We speculated last week that the big health insurance companies and their PBMs (pharmacy benefit managers) may soon attempt to force employees toward mail-order drugs. It’s certainly a real possibility after the PBM Express Scripts began providing mail-order delivery as a default option for employer-based health plans.
As I predicted then:
1. Soon, all other PBMs will offer the same program.
2. Then, one PBM will come up with a program that makes participation in the mail-order program mandatory in order for employees to receive coverage — in the name of employer cost savings.
3. That will become the dominant model for employer-based prescription drug insurance.
I then added, forebodingly:
Now, I haven’t factored in the uproar that this would cause with the Wal-Marts, Rite Aids and the like…
Well, you can forget Rite Aid, because they’re going to go out of business anyway. But Wal-Mart, that’s another story. You could bet they weren’t going to take this sitting down.
So how to fight the PBMs? How about by bypassing the health insurance companies altogether and taking your pitch straight to employers?
Wal-Mart on Friday announced that it is in negotiations to expand to several other companies a generic drug purchasing pilot program it currently runs with Caterpillar…
Under the pilot program, Wal-Mart waives the $5 copayment for generic drugs for Caterpillar employees when they purchase their medication at Wal-Mart or Sam’s Club pharmacies. According to the [Chicago] Tribune, the incentive to fill prescriptions at Wal-Mart or Sam’s Club pharmacies boosts Wal-Mart’s pharmacy business and pushes more potential customers into their retail stores, where they might purchase other items.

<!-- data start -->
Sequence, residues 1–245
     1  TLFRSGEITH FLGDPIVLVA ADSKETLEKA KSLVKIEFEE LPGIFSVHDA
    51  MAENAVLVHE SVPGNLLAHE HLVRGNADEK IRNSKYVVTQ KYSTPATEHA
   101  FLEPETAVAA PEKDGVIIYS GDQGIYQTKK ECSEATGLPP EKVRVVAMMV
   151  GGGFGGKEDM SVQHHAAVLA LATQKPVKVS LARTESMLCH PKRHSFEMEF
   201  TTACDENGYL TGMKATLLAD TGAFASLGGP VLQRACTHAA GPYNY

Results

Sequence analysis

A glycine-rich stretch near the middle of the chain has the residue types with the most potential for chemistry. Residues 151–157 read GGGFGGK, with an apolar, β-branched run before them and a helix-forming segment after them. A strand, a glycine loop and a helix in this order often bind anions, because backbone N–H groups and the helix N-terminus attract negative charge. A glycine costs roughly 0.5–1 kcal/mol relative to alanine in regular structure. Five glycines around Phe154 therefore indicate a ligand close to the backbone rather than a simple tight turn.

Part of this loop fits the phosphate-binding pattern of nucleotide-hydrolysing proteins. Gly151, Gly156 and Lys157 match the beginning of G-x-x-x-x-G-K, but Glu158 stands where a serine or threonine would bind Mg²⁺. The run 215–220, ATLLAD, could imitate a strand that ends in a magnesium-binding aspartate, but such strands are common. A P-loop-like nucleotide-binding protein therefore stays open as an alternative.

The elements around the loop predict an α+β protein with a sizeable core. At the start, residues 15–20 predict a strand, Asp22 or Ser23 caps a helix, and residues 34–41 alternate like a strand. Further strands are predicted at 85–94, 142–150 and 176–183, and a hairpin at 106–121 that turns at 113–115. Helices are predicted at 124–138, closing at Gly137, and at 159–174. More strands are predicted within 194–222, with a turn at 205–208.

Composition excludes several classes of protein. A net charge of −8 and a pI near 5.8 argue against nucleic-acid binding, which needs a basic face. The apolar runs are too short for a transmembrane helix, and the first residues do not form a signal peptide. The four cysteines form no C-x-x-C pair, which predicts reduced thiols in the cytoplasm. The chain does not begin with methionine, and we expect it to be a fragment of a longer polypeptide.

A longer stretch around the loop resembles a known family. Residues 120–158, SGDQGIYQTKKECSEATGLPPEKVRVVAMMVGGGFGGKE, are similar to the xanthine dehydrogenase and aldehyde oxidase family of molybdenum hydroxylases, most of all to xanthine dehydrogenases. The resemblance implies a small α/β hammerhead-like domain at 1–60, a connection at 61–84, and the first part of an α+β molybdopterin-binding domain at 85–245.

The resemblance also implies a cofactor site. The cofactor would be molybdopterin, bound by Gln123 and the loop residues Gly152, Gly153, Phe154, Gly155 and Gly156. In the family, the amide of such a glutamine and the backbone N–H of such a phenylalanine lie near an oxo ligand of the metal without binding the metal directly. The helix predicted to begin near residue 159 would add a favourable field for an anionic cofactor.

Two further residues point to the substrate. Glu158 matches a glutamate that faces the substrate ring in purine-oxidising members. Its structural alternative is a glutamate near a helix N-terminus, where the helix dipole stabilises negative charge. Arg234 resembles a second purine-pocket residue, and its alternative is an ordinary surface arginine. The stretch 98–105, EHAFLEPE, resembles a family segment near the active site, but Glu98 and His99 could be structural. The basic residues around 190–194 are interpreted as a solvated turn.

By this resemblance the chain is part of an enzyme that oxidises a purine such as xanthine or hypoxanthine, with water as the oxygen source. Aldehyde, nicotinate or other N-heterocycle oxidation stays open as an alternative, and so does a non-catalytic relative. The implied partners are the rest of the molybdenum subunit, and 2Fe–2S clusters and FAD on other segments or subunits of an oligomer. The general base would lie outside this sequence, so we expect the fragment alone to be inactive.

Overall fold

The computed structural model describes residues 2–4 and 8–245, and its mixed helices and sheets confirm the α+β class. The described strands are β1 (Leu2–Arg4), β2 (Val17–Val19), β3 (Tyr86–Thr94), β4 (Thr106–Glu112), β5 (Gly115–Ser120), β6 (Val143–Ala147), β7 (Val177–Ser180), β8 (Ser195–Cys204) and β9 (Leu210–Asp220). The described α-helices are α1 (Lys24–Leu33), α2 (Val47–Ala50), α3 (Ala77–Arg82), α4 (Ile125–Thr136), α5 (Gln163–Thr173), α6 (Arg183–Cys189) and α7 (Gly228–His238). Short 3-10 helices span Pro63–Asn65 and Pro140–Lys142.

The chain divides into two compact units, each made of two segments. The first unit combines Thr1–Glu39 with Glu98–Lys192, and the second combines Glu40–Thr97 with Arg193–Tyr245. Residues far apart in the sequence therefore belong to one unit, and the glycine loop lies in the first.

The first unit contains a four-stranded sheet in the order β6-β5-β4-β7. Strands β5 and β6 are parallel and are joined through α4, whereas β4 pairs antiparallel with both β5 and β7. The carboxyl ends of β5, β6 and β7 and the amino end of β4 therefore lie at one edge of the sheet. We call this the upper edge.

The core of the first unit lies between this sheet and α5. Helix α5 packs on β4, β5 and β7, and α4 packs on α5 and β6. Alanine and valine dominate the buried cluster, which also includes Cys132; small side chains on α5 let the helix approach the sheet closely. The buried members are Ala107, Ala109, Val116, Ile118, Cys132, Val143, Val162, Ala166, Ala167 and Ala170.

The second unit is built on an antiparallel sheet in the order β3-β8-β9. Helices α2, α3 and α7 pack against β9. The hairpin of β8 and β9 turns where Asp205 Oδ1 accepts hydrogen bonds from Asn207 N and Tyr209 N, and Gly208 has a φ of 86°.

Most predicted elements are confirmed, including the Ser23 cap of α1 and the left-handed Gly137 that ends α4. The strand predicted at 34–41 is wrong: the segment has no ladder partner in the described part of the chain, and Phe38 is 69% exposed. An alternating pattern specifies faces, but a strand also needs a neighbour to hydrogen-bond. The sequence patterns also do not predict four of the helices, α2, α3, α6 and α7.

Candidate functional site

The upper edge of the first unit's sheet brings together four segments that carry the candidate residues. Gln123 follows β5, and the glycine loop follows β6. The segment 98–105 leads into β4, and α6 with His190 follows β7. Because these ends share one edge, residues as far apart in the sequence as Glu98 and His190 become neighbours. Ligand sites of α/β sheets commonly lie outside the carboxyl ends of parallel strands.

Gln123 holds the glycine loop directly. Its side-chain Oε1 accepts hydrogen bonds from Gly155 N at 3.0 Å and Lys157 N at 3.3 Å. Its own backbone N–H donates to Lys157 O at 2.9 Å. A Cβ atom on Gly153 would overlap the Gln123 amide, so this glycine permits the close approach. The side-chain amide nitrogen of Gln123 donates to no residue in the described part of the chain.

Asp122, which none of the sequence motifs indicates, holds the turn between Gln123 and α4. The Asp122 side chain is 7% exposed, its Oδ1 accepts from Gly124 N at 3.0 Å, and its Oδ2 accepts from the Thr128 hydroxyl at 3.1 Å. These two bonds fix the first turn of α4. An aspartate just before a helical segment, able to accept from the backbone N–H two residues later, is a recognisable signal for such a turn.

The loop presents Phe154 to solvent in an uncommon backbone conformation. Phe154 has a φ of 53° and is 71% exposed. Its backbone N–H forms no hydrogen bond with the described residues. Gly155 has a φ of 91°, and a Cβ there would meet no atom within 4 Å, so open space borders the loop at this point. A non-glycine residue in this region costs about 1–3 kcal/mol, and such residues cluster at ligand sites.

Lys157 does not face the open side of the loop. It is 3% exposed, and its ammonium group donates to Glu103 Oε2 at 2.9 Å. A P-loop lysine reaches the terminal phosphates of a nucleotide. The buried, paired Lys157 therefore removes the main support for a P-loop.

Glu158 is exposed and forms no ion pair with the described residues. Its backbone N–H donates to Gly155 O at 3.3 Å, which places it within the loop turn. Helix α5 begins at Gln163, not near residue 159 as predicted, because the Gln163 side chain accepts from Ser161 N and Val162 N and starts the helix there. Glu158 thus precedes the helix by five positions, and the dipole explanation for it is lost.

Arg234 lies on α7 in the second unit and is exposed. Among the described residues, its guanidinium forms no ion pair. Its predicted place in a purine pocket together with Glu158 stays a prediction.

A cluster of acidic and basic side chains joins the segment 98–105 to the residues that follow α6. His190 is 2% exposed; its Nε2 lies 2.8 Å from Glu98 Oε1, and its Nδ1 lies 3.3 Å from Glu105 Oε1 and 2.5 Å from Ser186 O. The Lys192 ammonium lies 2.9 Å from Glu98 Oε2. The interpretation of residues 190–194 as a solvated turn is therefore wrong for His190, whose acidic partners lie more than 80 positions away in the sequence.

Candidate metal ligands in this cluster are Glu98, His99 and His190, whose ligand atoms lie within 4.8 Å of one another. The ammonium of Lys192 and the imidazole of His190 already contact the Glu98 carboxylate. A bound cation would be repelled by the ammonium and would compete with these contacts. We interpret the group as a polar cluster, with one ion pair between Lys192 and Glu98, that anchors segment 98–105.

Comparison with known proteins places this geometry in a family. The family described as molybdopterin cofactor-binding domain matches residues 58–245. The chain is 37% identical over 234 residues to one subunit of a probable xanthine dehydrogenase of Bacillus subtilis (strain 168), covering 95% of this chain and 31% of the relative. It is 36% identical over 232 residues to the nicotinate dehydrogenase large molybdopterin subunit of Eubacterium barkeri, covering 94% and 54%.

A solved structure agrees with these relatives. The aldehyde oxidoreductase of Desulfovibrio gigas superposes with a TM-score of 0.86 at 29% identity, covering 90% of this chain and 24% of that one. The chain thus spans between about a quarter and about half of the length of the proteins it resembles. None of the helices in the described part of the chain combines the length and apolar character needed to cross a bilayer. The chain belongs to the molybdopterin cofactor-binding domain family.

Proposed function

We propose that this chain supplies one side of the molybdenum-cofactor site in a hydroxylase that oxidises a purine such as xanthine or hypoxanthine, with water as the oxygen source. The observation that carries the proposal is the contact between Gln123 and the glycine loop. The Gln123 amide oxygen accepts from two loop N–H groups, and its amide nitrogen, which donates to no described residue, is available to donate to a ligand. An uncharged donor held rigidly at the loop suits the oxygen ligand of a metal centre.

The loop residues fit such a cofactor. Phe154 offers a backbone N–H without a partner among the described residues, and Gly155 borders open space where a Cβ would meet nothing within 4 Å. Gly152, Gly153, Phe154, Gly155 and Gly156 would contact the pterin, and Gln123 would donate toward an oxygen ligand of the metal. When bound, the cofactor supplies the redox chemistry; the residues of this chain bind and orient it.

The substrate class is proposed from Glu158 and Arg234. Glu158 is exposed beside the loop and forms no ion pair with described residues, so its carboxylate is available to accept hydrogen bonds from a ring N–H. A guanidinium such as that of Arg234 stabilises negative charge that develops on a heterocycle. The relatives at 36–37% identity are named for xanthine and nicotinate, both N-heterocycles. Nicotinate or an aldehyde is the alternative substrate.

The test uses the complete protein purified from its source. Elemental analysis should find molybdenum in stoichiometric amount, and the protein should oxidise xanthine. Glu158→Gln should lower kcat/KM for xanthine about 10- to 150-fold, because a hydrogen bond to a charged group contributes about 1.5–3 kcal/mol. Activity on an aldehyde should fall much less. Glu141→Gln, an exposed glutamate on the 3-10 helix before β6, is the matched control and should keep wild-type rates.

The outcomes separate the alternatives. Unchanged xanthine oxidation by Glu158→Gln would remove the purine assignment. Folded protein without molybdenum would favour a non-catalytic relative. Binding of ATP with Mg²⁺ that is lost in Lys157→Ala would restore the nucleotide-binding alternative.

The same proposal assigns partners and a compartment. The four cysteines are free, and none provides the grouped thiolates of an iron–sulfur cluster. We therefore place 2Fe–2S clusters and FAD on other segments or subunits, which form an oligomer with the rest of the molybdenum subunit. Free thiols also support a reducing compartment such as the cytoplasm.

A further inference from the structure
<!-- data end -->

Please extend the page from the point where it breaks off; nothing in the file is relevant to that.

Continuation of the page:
According to the Tribune, the “most radical aspect of the test … is the threat of unraveling how the health care industry buys and sells prescription drugs.” As part of the program, Caterpillar has a contract to purchase drugs for employees directly from Wal-Mart, bypassing the need for a pharmacy benefits manager…
Walgreens, meanwhile, has announced that it is pursuing a strategy similar to Wal-Mart’s.
This is beautiful, folks. It almost certainly means that the costs of generic drugs will continue to fall in the United States, which is great news. And perhaps the competition between retail pharmacies and PBMs will squeeze some of the inefficiencies out of the current system, reducing administrative costs as well.
Unfortunately, this battle can do little to reduce the prices of brand-name prescriptions, which are the real reason Americans can’t afford to pay their drug bills anymore. Just as drugmakers can dictate their monopoly pricing to the consumer, they can also dictate it to the middlemen.
Still, Wal-Mart vs the PBMs will be fun to watch.